This was our first teaspooned cask purchase. Teaspooning is a common practice for many distilleries to change a single malt to a “blended” malt by adding a small amount of whisky (even just a teaspoon!) from another distillery to a cask. Since it no longer is from the same distillery, the whisky must now be considered a blended malt, which devalues the price significantly. The teaspooned cask is typically then sold to an independent bottler and often with the conditions of anonymity on the distillery’s part. Although some distilleries (e.g. Caol Ila) work frequently with Independent Bottlers, Balvenie rarely sells to independent bottlers.
Buying teaspooned casks is a gamble. With some purchases, you have to wonder what was so anomalous about the cask that it needed to be sold to a third party? Sometimes, the sales are out of necessity – like raising funds for expansion. Other times, it’s because the cask was just funky or “off”. An official Balvenie 25 year is around ~$530, so the $140 price for a 26-year-old from K&L seemed like a steal.
- ABV: 44.6%
- Cask: Single (but not stated)
- Age: 26 years. Distilled in 1991 and bottled in 2018
- 361 Bottles
- Non-chill filtered, coloring free
- Until more recently, K&L has been releasing John McCrae as a distillery that “cannot be revealed”, as shown in this 22-year from 2017 and 24-year in 2016. For some reason, Balvenie must have greenlit its name release for the 2018 bottling.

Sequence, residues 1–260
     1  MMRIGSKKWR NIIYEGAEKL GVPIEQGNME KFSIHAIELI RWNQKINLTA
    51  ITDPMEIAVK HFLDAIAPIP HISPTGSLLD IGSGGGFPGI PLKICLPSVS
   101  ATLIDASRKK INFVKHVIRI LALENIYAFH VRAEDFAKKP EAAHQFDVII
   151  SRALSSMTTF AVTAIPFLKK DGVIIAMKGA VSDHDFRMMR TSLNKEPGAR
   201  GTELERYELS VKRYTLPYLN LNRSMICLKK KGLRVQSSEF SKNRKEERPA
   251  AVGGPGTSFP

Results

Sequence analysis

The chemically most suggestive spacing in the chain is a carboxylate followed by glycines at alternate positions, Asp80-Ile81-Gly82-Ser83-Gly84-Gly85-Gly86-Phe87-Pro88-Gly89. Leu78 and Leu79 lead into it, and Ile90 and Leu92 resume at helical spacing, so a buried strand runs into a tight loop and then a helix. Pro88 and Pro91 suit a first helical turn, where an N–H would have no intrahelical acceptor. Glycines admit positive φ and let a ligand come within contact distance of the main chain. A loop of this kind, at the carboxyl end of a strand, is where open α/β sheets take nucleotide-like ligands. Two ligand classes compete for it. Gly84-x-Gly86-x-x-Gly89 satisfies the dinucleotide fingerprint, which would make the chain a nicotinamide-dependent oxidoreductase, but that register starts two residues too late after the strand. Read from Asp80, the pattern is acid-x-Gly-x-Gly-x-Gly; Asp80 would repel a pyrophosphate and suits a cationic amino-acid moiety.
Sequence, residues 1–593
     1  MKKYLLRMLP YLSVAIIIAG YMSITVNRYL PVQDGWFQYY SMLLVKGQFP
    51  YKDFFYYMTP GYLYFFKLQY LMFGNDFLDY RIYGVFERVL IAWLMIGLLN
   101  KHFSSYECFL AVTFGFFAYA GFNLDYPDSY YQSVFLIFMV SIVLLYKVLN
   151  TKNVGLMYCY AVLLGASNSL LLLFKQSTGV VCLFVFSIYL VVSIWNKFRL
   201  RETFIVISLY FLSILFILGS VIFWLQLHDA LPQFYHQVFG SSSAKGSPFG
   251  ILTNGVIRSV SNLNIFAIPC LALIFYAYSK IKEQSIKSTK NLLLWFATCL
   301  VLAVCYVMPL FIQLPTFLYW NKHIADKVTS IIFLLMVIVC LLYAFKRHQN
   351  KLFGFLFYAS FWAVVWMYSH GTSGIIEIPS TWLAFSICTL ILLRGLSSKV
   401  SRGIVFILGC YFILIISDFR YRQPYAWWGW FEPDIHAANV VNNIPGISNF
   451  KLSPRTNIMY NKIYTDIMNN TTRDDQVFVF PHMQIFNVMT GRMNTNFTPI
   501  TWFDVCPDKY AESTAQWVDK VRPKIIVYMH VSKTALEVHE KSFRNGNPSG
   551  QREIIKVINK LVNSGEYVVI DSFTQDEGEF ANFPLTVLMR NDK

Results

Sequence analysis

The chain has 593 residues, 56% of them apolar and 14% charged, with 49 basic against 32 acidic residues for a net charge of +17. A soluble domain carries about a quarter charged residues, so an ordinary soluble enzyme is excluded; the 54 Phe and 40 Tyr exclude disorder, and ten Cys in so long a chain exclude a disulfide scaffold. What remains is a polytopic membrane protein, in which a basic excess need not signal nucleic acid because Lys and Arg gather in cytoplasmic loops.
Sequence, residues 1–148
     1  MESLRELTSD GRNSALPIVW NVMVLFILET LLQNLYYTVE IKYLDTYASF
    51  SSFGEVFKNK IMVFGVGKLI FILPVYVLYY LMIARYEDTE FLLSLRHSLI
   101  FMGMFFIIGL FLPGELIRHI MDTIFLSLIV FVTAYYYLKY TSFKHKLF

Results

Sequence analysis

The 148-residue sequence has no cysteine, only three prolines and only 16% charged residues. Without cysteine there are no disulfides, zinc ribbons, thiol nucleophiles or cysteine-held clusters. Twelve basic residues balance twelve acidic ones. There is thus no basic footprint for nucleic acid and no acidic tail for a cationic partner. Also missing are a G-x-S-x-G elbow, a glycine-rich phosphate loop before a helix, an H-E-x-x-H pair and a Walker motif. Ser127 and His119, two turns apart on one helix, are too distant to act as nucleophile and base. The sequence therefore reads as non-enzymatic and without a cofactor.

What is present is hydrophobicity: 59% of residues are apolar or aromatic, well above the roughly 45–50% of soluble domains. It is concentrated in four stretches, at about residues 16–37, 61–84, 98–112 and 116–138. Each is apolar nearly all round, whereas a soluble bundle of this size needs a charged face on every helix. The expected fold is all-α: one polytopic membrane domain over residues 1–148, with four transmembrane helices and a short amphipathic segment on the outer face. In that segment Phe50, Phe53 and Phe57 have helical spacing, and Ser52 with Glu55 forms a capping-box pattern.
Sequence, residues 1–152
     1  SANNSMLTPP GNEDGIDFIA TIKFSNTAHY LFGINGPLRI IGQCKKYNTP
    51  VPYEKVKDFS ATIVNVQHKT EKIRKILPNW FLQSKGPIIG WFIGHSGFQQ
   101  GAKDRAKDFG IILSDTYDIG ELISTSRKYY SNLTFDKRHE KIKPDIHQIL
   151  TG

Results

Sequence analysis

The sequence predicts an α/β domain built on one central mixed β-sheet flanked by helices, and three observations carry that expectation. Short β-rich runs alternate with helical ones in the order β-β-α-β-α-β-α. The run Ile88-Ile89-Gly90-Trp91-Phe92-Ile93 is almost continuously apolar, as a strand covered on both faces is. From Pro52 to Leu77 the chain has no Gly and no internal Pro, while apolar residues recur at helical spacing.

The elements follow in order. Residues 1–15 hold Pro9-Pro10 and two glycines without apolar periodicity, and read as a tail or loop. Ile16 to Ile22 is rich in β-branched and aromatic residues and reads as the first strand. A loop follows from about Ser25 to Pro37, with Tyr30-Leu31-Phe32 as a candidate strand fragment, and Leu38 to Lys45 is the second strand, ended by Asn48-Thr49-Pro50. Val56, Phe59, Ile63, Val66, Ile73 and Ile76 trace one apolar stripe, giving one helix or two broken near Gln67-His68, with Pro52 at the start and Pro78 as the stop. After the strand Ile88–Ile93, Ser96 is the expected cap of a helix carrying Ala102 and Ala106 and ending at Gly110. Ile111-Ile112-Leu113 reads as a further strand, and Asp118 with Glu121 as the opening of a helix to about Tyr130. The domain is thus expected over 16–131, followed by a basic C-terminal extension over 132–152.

- Who is John McCrae? I’m a bit confused if they meant to name the whisky after John MacRae or John McCrae. The latter is the correct spelling, but a Canadian doctor, poet, and lieutenant who does not seem to have much to do with whisky. Meanwhile, John Duncan MacRae was a Scottish comedian who played in “Whisky Galore!” and a mainstay of Hogmanay celebrations. There is also a John MacRae, a whisky maker hailing from in Clan MacRae accused (but later acquitted) of murder in a case involving women and whisky. My bets are on John Duncan MacRae than the other two…
- Balvenie tends to be famous for its DoubleWood, which is named for its pioneering of finishing of whiskies from ex-bourbon casks in sherry casks in the 1980s. Sister distillery to Glenfiddich.
- K&L collaborated with Hepburn’s Choice (label under Glasgow father-and-son company Hunter Laing). The label is named for William Hepburn, one of the company’s directors’ grandfather and whisky-aficionado. It is exclusively marketed by K&L Wines in the US.